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Climate Change

Harnessing creativity for change: The art of resilience

Simone Balog-Way's picture
Call for submissions for upcoming international art exhibition. © GFDRR
Call for submissions for upcoming international art exhibition. © GFDRR

Art is the queen of all sciences, communicating knowledge to all the generations of the world. -Leonardo da Vinci


The Great Wave off Kanagawa, by Hokusai
The Great Wave off Kanagawa, by Hokusai

Scientists are constantly getting better at knowing when the next hurricane, landslide, or flood will happen. However, science communication about these disasters lags behind. As Leonardo da Vinci described, art has a unique power to communicate this type of knowledge to people everywhere.  

Natural events and disasters of the past have influenced some of the most iconic art of our time. From Turner’s sunsets to Mary Shelley’s Frankenstein – both were composed in the shadow of the greatest volcanic eruption of our age, Mount Tambora in 1815. The Great Wave off Kanagawa by Japanese artist Hokusai (c. 1829–33) has been interpreted as a warning about tsunami risk. In an era of increasing natural hazards and climate change, art can also communicate the future risks we face.

3 ways to follow World Bank Group activities at the 2019 Spring Meetings

Bassam Sebti's picture
© Dominic Chavez/World Bank
© Dominic Chavez/World Bank

Our 2019 Spring Meetings is just around the corner and it’s time to get organized. Mainstage speakers include representatives from top-notch institutions and organizations such as the United Nations, National Geographic, World Trade Organization, Bloomberg, Massachusetts Institute of Technology, among others.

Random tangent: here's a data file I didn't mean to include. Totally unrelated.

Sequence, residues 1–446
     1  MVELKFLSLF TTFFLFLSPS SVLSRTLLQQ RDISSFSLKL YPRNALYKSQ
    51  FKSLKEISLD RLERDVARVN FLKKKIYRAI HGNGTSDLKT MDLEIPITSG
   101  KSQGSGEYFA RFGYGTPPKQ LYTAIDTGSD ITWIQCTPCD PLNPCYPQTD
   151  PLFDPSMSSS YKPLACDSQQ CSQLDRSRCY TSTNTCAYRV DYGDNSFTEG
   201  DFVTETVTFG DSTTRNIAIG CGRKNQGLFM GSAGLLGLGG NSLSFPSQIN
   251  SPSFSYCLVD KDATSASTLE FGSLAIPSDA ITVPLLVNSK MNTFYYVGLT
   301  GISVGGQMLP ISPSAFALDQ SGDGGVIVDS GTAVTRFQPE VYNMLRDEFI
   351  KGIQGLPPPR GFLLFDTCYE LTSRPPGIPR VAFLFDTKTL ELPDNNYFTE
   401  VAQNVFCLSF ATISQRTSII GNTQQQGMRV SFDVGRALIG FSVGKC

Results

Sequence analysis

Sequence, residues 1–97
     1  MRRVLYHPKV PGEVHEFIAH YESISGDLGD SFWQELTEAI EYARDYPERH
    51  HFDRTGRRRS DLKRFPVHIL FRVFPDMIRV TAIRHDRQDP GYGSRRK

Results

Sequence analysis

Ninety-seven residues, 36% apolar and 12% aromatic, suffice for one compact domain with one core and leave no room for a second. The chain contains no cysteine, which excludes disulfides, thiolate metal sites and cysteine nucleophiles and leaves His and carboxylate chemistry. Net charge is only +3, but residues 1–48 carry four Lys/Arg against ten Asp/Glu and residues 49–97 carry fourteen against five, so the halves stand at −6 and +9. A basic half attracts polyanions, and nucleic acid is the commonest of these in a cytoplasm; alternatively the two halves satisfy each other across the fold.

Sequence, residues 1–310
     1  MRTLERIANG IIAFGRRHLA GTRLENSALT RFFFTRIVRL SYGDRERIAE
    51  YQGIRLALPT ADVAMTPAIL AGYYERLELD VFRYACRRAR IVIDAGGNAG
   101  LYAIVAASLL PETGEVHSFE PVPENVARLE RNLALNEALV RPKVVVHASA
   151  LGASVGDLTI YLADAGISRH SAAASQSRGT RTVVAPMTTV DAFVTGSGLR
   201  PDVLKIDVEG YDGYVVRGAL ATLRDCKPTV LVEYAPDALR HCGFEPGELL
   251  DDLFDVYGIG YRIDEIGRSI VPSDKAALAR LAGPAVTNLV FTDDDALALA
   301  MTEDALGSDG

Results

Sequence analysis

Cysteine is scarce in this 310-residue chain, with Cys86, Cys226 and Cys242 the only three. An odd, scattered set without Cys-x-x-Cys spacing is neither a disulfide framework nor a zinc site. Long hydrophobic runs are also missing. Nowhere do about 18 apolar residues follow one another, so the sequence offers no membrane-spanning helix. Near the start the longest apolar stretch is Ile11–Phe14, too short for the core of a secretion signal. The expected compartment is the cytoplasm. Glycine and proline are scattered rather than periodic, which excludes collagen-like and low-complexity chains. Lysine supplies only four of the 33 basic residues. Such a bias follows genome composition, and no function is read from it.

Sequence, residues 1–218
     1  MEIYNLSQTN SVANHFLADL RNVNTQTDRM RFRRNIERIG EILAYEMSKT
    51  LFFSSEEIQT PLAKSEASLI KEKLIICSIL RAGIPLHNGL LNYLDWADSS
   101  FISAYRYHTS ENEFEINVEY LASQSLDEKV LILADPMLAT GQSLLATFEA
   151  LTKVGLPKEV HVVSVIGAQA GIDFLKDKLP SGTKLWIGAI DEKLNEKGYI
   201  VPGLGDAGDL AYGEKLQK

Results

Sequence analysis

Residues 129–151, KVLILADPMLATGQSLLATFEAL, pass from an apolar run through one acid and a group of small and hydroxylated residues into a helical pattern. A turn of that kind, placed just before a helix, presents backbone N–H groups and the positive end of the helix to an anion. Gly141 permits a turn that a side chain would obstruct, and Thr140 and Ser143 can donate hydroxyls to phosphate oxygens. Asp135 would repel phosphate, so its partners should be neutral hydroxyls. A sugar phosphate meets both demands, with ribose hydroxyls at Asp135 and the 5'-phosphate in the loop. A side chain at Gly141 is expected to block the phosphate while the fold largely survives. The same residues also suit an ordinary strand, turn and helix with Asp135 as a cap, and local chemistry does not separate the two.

The Spring Meetings of the Boards of Governors of the World Bank Group and the International Monetary Fund (IMF) is an event that brings together central bankers, ministers of finance and development, private sector executives, representatives from civil society organizations and academics to discuss issues of global concern, including the world economic outlook, poverty eradication, economic development, and aid effectiveness.

This year's events will take place in Washington, D.C., April 8-14, 2019.

Fighting climate change with capital markets

Akinchan “Aki” Jain's picture
 istockphoto.com
© istockphoto.com

As a structured finance specialist in the World Bank Treasury, I work on a trading floor and talk to banks, investors, and development partners daily, so together we can find cost-effective and sustainable solutions to address climate change. The World Bank estimates that without urgent action, climate change could push an additional 100 million people into poverty by 2030. Climate is now a key consideration in all our development projects, and we have committed to ramp up adaptation financing to $50 billion over FY21–25. However, the public sector alone cannot finance the trillions of dollars needed for green infrastructure. We need to mobilize significantly more private sector flows to have any realistic chance of achieving climate goals. Enter: bonds and the power of the capital markets. 

Trees and forests are key to fighting climate change and poverty. So are women

Patti Kristjanson's picture
Also available in: العربية | Español | Français
Liberian woman's forest product market stand. © Gerardo Segura/World Bank
Liberian woman's forest product market stand. © Gerardo Segura/World Bank

According to WRI's ‘Global Forest Watch’, from 2001 to 2017, 337 million hectares of tropical tree cover was lost globally – an area the size of India.